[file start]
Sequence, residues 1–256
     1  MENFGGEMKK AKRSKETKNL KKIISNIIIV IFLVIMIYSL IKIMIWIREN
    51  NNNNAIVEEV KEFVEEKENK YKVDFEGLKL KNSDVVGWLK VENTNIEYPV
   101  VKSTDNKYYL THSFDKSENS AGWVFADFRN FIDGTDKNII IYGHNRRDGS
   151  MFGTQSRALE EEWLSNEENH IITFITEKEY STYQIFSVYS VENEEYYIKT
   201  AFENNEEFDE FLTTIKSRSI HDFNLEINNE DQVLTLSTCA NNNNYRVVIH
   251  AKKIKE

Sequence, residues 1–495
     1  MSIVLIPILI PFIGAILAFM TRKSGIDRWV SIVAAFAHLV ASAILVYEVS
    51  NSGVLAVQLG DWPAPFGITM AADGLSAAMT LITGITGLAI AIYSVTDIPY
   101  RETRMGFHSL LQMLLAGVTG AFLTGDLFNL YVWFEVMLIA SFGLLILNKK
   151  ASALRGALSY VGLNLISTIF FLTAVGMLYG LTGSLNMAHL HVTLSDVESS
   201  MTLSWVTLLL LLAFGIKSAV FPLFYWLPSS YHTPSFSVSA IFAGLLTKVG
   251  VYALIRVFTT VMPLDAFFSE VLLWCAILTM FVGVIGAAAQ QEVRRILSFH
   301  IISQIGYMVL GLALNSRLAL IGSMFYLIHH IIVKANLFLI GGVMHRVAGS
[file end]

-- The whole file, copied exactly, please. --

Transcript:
Sequence, residues 1–256
     1  MENFGGEMKK AKRSKETKNL KKIISNIIIV IFLVIMIYSL IKIMIWIREN
    51  NNNNAIVEEV KEFVEEKENK YKVDFEGLKL KNSDVVGWLK VENTNIEYPV
   101  VKSTDNKYYL THSFDKSENS AGWVFADFRN FIDGTDKNII IYGHNRRDGS
   151  MFGTQSRALE EEWLSNEENH IITFITEKEY STYQIFSVYS VENEEYYIKT
   201  AFENNEEFDE FLTTIKSRSI HDFNLEINNE DQVLTLSTCA NNNNYRVVIH
   251  AKKIKE

Sequence, residues 1–495
     1  MSIVLIPILI PFIGAILAFM TRKSGIDRWV SIVAAFAHLV ASAILVYEVS
    51  NSGVLAVQLG DWPAPFGITM AADGLSAAMT LITGITGLAI AIYSVTDIPY
   101  RETRMGFHSL LQMLLAGVTG AFLTGDLFNL YVWFEVMLIA SFGLLILNKK
   151  ASALRGALSY VGLNLISTIF FLTAVGMLYG LTGSLNMAHL HVTLSDVESS
   201  MTLSWVTLLL LLAFGIKSAV FPLFYWLPSS YHTPSFSVSA IFAGLLTKVG
   251  VYALIRVFTT VMPLDAFFSE VLLWCAILTM FVGVIGAAAQ QEVRRILSFH
   301  IISQIGYMVL GLALNSRLAL IGSMFYLIHH IIVKANLFLI GGVMHRVAGS